A nuclear apocalypse is a real threat

"We haven't been faced with the prospect of an apocalypse since Kennedy and the Cuban Missile Crisis in 1962," Biden said in New York, assessing that his Russian colleague Vladimir Putin "isn't kidding" when he makes those threats.
"For the first time since the Cuban Missile Crisis, there is a direct threat of nuclear weapons if things continue on their current path," the US President said.
From October 14 to 28, 1962, the crisis with the missiles placed by the Soviet Union in Cuba, which the United States declared a threat to its security and declared the blockade of Cuba, kept the whole world in tension due to the fear of the outbreak of nuclear war.
Faced with staunch Ukrainian resistance, aided by Western military aid, Putin alluded to the use of atomic weapons in a televised speech on September 21. At the time, he said he was ready to use "all the means" in his arsenal and accused the West of wanting to "destroy" Russia, adding that "it's not a bluff."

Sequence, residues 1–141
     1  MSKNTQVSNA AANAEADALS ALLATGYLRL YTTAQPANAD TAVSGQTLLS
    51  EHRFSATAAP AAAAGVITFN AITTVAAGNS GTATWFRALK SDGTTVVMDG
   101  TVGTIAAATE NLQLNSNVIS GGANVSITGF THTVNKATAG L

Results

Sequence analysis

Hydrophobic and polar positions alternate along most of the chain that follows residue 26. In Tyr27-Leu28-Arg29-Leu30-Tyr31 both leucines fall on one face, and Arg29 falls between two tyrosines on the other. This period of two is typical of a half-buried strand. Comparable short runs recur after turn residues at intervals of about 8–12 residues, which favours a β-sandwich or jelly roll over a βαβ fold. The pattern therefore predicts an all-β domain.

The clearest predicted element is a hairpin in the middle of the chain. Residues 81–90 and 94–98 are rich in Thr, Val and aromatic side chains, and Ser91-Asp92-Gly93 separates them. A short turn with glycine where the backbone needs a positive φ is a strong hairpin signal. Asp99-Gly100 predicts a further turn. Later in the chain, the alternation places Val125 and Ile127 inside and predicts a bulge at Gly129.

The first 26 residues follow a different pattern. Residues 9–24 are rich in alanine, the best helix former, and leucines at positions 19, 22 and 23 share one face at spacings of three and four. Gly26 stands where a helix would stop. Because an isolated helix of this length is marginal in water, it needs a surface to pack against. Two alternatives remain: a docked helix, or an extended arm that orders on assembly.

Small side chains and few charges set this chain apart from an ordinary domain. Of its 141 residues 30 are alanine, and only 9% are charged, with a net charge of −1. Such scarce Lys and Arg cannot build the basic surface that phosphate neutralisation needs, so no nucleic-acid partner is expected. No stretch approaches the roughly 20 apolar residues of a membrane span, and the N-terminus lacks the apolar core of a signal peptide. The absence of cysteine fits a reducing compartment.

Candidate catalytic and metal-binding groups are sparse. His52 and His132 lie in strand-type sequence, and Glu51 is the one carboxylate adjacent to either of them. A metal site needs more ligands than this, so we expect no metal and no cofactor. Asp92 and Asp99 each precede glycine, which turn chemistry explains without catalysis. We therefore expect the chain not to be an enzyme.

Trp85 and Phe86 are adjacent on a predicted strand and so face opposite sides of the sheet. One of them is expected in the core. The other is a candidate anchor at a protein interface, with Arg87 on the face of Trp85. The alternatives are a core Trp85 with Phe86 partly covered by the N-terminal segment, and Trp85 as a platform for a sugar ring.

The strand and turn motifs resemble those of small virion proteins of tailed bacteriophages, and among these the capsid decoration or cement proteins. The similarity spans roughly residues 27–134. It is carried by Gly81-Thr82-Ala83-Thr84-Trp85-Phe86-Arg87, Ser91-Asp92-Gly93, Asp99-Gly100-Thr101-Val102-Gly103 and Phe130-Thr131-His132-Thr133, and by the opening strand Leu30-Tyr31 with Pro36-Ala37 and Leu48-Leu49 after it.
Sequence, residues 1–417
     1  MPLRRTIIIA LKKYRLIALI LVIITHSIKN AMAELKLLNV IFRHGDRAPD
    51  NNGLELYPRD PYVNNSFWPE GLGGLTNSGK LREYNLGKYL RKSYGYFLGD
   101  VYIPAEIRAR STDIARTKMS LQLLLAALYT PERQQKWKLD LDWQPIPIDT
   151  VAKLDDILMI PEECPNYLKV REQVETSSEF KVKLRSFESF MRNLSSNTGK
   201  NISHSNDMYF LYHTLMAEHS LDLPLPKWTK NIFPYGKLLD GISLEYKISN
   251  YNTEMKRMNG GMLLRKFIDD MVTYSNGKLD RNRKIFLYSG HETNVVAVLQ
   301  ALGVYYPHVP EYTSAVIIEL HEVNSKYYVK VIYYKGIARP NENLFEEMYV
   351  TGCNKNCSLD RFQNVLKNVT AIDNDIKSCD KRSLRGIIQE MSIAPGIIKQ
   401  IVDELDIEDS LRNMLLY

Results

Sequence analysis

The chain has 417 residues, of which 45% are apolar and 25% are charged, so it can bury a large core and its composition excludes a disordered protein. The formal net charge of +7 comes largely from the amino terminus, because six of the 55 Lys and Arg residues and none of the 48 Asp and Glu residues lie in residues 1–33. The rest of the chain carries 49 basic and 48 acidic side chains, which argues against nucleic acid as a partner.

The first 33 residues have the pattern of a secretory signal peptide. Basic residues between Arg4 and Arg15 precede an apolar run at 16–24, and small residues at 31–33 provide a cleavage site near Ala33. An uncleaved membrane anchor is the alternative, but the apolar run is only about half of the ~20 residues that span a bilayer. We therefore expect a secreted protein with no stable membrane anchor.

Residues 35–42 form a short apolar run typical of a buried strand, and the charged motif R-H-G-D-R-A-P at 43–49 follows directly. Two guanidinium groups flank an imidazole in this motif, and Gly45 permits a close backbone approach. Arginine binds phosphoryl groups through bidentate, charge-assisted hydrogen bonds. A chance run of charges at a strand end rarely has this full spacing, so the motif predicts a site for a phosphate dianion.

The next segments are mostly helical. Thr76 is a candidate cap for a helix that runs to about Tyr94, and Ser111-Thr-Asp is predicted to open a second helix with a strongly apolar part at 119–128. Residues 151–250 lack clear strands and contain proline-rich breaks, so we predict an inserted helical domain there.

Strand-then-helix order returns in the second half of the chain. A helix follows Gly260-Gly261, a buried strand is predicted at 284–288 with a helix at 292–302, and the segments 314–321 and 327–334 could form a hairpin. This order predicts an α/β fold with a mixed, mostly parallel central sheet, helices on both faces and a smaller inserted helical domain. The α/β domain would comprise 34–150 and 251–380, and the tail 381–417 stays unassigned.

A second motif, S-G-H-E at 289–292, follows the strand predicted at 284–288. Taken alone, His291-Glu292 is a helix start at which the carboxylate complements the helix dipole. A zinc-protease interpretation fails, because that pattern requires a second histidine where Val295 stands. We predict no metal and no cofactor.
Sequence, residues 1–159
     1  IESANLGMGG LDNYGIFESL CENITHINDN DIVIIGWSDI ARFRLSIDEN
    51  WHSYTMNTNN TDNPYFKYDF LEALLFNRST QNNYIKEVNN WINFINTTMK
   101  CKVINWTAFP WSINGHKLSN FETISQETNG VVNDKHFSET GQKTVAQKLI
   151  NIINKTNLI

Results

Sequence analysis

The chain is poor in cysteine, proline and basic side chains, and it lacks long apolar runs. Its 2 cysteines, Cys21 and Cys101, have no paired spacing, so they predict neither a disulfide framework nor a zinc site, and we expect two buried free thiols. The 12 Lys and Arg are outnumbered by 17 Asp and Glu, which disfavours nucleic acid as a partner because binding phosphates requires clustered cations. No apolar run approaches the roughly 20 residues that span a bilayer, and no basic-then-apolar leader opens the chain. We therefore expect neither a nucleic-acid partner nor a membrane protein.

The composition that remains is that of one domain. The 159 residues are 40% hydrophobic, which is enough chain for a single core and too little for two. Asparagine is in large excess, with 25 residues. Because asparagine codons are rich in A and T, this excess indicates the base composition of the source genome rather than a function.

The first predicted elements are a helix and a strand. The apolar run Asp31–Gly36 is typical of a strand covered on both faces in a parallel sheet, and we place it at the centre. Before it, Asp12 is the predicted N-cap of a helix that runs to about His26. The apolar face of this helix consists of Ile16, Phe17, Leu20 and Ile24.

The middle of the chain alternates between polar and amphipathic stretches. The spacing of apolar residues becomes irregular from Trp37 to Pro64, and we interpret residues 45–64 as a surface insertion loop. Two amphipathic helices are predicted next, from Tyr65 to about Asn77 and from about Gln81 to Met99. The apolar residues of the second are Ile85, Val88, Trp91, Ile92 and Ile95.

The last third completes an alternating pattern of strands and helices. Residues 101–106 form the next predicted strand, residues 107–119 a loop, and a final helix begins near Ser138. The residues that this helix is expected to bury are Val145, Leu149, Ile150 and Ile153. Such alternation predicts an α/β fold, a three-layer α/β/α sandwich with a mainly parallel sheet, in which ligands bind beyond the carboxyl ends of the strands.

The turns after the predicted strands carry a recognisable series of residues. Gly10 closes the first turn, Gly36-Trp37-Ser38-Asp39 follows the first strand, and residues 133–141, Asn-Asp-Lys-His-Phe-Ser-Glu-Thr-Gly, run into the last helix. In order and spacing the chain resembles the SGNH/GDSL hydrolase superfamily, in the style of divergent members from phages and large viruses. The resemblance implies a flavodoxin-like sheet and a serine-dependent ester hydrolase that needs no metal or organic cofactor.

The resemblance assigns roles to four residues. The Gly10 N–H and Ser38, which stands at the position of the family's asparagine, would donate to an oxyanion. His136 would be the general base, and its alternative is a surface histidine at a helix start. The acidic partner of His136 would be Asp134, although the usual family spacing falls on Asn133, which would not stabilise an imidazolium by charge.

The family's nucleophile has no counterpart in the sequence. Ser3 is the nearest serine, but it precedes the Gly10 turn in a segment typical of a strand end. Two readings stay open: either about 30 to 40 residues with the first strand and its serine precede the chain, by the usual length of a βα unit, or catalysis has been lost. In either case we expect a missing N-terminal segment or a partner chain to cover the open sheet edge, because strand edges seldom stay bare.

Experts believe that tactical nuclear weapons, with a smaller explosive charge than strategic nuclear weapons, would be used in such attacks. But Biden warned that even a tactical nuclear strike would risk triggering a wider conflict.
"I don't think we can easily use tactical nuclear weapons without ultimately causing an apocalypse," Biden said. "Putin is not joking when he talks about the potential use of tactical nuclear weapons, or the use of biological or chemical weapons, because his military is ineffective," Biden said.
U.S. President also said that the United States will try to find out what is the way out for Putin.
"How can he get out of it. How can he position himself so that he does not lose his reputation, nor does he lose a significant part of his power in...

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